Handmade: Designer adds color to the yarn industry
Toni Lipsey is making history -- one stitch at a time.
She's among the few African-Americans and persons of color with a thriving business in the multimillion dollar yarn crafting industry.
Less than two years ago, Lipsey quit her day job to pursue a career as a crochet pattern designer, selling her work under the name TL Yarn Crafts, a business she launched in 2013. That venturesome move is paying off!
"Business has been really good," she said in a recent phone interview. "I've been at this a little over a year and it's been an exciting ride. I feel like every day is a little different. I'm saying 'yes' to every opportunity, traveling a lot and making new friends. And, I didn't expect this when I decided to do crocheting full-time."
Lipsey, 32, who lives in Columbus, Ohio, grew up in Michigan, where she graduated from Southfield Lathrup High School, and Grand Valley State University, earning an undergraduate degree in psychology and a graduate degree in nonprofit administration.
After getting married, she moved to Ohio in 2010 with her husband, Jenon, a packaging engineer in the pharmaceutical industry. She said, "It was at the low point of the recession, and that made it really hard for me to find a job. I was newly-married, and in a new state, so I wanted to find something to fill my time."
She rekindled her love of crocheting, a hobby she picked up when she was 13 at the talented hands of her mother, Gwen Jones of Southfield, the knitting and crocheting army veteran who was featured here last November.
"From there, I just crocheted for fun. I made gifts and things for my home," recalled Lipsey, who relies on merino wool as her "go-to" yarn. "The crochet community was just starting to grow, so I was really on my own. I wasn't part of a community of crafters at that point. I eventually started making products for craft shows, and I still had a lot of free time on my hands, even after I found my first job in Ohio.
"I did craft shows for about a year, then I decided I wanted to try my hand at designing. My first (design) project was a crocheted hat, or beanie, called the 'Mega Pom Beanie.' I started selling that pattern, individually, on my website (TLYarnCrafts.com) and other pattern sales websites. That pattern was very, very popular with crocheters because it was easy, fast, and had a lot more character than some of the hat patterns that were currently available.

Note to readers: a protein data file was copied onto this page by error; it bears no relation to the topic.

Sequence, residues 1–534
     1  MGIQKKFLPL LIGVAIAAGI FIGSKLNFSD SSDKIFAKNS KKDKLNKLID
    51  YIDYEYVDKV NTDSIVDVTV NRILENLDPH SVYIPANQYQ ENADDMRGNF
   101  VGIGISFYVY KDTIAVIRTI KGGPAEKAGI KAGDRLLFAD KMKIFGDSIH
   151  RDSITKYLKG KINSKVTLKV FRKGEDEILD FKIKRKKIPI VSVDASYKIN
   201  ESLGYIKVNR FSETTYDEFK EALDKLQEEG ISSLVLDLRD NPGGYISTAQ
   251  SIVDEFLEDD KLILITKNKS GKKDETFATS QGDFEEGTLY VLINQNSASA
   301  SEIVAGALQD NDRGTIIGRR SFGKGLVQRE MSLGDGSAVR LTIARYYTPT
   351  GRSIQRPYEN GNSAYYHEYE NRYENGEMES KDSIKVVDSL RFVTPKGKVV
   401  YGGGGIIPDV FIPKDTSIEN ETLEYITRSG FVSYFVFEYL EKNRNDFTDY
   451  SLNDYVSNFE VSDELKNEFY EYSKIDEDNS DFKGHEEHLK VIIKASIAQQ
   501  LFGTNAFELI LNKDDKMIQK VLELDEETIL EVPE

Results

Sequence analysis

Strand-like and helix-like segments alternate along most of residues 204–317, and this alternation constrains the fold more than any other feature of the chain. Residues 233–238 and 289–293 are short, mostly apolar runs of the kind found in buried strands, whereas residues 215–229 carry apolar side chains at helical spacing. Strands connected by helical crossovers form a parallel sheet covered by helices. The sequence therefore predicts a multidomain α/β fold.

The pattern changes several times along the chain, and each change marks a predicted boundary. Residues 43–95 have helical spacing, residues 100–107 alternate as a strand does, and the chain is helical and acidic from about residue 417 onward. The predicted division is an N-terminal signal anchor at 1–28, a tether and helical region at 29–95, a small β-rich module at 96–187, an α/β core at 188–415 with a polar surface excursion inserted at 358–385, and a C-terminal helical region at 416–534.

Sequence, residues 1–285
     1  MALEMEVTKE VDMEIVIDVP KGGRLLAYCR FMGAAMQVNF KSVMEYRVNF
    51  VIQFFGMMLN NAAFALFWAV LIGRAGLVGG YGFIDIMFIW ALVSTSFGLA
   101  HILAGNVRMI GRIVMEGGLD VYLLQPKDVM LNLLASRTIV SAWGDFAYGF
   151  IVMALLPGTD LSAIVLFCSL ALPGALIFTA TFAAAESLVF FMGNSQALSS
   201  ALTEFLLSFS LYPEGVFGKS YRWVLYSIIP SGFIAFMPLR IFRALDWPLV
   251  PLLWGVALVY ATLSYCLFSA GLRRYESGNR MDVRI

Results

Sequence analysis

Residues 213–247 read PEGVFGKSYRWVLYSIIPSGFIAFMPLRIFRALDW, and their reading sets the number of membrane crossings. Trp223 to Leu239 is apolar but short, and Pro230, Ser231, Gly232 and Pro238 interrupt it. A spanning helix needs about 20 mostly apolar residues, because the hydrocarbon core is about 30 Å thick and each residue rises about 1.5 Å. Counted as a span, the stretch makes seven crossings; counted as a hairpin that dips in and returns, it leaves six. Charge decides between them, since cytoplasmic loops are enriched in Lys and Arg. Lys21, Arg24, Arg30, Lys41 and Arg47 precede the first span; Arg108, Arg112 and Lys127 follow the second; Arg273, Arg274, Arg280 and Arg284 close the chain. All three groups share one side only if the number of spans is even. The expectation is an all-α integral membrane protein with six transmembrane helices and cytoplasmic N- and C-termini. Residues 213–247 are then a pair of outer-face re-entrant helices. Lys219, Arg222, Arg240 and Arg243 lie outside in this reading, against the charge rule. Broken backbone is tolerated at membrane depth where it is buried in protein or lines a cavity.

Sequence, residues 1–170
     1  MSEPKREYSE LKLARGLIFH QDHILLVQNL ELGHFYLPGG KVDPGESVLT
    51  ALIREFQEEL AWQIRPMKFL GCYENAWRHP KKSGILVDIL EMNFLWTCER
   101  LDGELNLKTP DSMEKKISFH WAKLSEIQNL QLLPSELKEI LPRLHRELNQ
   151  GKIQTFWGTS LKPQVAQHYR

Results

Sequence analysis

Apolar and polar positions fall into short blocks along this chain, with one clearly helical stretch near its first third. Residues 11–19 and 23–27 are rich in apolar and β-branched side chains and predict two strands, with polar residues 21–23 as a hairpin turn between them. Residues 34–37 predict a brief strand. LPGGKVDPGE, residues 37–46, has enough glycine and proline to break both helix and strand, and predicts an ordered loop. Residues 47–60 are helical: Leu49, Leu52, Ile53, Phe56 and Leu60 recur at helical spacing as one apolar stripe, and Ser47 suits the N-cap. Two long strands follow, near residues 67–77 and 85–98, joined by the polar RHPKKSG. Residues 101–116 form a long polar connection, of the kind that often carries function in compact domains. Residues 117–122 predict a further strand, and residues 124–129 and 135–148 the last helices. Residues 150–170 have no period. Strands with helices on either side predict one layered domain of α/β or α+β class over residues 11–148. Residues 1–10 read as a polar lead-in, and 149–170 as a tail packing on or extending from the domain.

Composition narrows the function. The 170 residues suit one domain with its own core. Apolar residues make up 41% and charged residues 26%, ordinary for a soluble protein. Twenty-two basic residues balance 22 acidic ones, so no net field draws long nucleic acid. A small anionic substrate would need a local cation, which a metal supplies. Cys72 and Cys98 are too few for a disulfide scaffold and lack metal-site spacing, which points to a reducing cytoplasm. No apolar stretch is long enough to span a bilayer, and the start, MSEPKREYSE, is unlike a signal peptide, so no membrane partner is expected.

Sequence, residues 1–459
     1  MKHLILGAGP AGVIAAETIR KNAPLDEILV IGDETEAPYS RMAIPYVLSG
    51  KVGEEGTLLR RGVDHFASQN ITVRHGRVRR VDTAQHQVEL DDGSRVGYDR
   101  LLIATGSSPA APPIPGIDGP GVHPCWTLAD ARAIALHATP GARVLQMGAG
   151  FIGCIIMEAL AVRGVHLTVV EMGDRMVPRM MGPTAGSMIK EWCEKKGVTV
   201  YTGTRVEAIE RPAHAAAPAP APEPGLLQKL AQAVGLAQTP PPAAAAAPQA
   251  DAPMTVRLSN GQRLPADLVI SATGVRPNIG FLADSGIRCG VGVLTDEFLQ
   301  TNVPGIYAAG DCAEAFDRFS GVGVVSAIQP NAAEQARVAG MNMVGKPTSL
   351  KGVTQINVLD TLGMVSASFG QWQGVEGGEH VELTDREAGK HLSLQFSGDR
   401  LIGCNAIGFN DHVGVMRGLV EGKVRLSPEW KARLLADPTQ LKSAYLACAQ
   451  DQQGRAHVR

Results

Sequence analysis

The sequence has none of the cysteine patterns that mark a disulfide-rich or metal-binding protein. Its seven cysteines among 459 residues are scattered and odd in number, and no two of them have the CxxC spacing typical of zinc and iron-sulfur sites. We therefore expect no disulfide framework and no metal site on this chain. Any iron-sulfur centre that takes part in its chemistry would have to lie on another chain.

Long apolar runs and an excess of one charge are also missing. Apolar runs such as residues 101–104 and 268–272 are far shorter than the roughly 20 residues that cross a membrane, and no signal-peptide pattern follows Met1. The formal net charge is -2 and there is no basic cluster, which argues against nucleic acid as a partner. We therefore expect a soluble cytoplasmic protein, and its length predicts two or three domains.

"From there, I came to understand that I could enjoy crocheting more by selling patterns, rather than selling my work at craft shows, so I started designing several more pieces -- a lot of beginner-friendly crochet patterns."
So far, Lipsey, has published nearly 60 crochet designs, independently, on her website, Ravelry, and Etsy. She's also designed a dozen for different yarn brands and publications. The patterns sell for either $5 or $7.50 each.
But what has her "yarn arts experience as a woman of color" been like? "I came to understand early on that the yarn arts community didn't look a lot like me," she said. "While I made friends with the knitters, crocheters and dyers I came across, I yearned to see other people of color who loved yarn as much as I did. Through social media and touring yarn stores, I was able to find very successful, talented and passionate makers of every skintone and background.
"Knowing my own experience with the lack of diversity in the knitting and crocheting community, I recognized how important it is for me to show up and work hard in my business. There are new people coming to this community every day, and I want to do my part to show that every person is welcome and celebrated."
Every few months, Lipsey comes back to visit, and since she crochets full-time, she said it's something she and her mother can "bond over" with visits to yarn shops and craft shows.
When she's not designing or visiting her hometown, Lipsey is busy blogging (TLYCBlog.com), doing crocheting tutorials, traveling across the country teaching at yarn shops, and fulfilling speaking engagements at yarn festivals and conventions, where she sometimes meets with yarn company representatives to "set up arrangements" to create a design just for them.
Described by her mother as "an amazing inspiration to all women," Lipsey plans to write a book filled with her designs, and thoughts on being a person of color making a living in the yarn industry. She said, "I want to use the influences that I've built to open up this conversation even more!"
Detroit News columnist Jocelynn Brown is a longtime Metro Detroit crafter. You can reach her at (313) 222-2150, firstname.lastname@example.org or facebook.com/DetroitNewsHandmade.
Contact TL Yarn Crafts at TLYarnCrafts.com, or Instagram: @TLYarnCrafts.